Whether you’re a business owner, parent, or anyone surfing the Web, you must take precautions to keep your business information and private life off the Dark Web. A dark web scan can help.
Before discussing the dark web scan, we need to define the Dark Web. To do this, we’ll explore a metaphor that explains the entirety of the Internet. For this metaphor, we’ll use the ocean.
What is the Dark Web?
When we think about the ocean, we think about its vastness and depth. The same can be said for the Internet. The surface of the sea, where most of us spend our time surfing, is known as the Surface Web. The surface web makes up about 5% of the entire Internet.
Just below the Surface Web is the Deep Web. You might fish for information on the Deep Web, which covers 90% of the ocean. There’s still some light in the Deep Web, but as the water deepens, the temperature drops, and the light diminishes.
Finally, we have the Dark Web or the remaining percentage of the Internet. This area of the Internet is pitch black, so the information here goes undetected. Cybersecurity threats are the most dangerous catch.
Structure of the Web
The Surface Web is visible to everyone and indexed by search engines like Google. When you search for a term, Google knows to return your search using the website pages it indexes. This process uses Spider Bots – don’t worry, these are good guys.
Search engines don’t index the Deep Web; content is hidden behind a password. Think about logging into your bank account or pending web page redesigns in WordPress. This sensitive information is found here, but just because it isn’t indexed doesn’t mean it’s not stealable.
In the Dark Web area of the Internet, there is no indexing happening by traditional search engines because to access this part of the Internet, you need to use a specific browser.
What is TOR?
After reading all that, you may not be surprised that the Dark Web has roots connected to the U.S Naval Research Laboratory. In the early 2000s, The Naval Research Laboratory developed the TOR network to create open safe communication channels for intelligence operatives worldwide.
This TOR browser is the primary channel to access the Dark Web. You might think, “If The Naval Research Laboratory created a safe and open communication tool then I’d be okay, right?” Not necessarily.
As you begin to wade into the waters of the Deep Web, you put yourself at risk because these waters are not regulated.
Is the Dark Web Illegal?
Naturally, the question arises – is it illegal? The answer is no. Many TOR and Dark Web users use these tools because they believe they shouldn’t be tracked or regulated as individuals.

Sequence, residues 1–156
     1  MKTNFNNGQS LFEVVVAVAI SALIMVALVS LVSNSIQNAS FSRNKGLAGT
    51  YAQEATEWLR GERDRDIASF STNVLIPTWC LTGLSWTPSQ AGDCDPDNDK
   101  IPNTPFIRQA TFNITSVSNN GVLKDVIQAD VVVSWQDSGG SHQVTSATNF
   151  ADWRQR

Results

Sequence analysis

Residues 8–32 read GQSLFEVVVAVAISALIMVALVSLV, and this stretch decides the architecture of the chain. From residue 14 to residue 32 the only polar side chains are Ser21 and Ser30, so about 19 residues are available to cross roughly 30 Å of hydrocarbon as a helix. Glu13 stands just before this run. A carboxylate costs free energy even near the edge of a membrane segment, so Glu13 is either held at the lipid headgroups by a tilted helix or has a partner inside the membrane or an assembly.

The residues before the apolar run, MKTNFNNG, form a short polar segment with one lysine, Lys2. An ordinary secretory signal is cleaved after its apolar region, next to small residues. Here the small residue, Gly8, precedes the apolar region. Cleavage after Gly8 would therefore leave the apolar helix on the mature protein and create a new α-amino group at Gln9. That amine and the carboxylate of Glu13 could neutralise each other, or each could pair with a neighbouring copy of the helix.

Anyone can access the Dark Web through the TOR browser, and this is where the trouble begins. Hackers and other Cybersecurity criminals have the same access and use it to buy and trade illegal materials.
Anytime you or an employee accesses the Dark Web, you put your organization at risk.
What are the Risks of Surfing the Dark Web?
How does this impact your business? Great question, and before we plunge into it, here’s a cybercriminal shopping list provided by Privacy Sharks.
All of the items listed below are the current 2023 pricing.
|Credit Card Data on the Dark Web||Dark Web Price|
|Mastercard (PIN included)||$20|
|Visa (PIN included)||$20|
|American Express (PIN included)||$25|
|US credit card (CVV included)||$17|
|Payment Platform Data on the Dark Web||Dark Web Price|
|Netflix subscription||$4-$25 (depending on type of account)|
|Social Media Data on the Dark Web||Dark Web Price|
Other popular items for sale include passwords, physical addresses, and social security numbers. From a business perspective, hackers can also shop for things like medical records or confidential corporate web pages.
Cybersecurity criminals can hack all that information you have behind a password located on the Deep Web. All it takes is for one untrained employee to open a nefarious email, and it’s game over.
Tools For Hackers
Criminals deploy several tools to compromise your employees. Four of these main tools are:
- Botnet Malware
- Phishing Malware
The fallout from a comprise can include but is not limited to:
- Reputational Damage
- Undermining Brand Trust and Authority
- Disruption of Business due to DDoS attacks impairing operations
- Defrauding the business, including IP theft leading to a financial loss
How ONE 2 ONE Can Help – FREE Scan!
Here’s a breakdown of why a scan is so important and what you can expect when you complete one.
We Put Security First
We offer a complimentary baseline security assessment that analyzes your business’ dark web presence. The scan looks at breached credentials and human-related security risks. To beat cybercriminals, we have to share the cybersecurity responsibility.
We Find What’s Compromised
We scan the Dark Web based on your domain and find all accounts involved in a breach. This information, including compromised credentials, is freely available on the dark Web.
What Would Your Employees Do?
Having compromised information on the dark Web can increase your risk of receiving a phishing email. See what your employees do when sent a fake phishing email and assess your human vulnerabilities.
Remediation with Education
We can provide you with engaging, video-based security awareness training. Educate your employees on the risks they face so you can help them better protect themselves and your business.
Cybercriminals take advantage of businesses with limited budgets. Technology alone isn’t enough when employees are opening the door to cybercriminals. Let’s help your employees keep the door locked.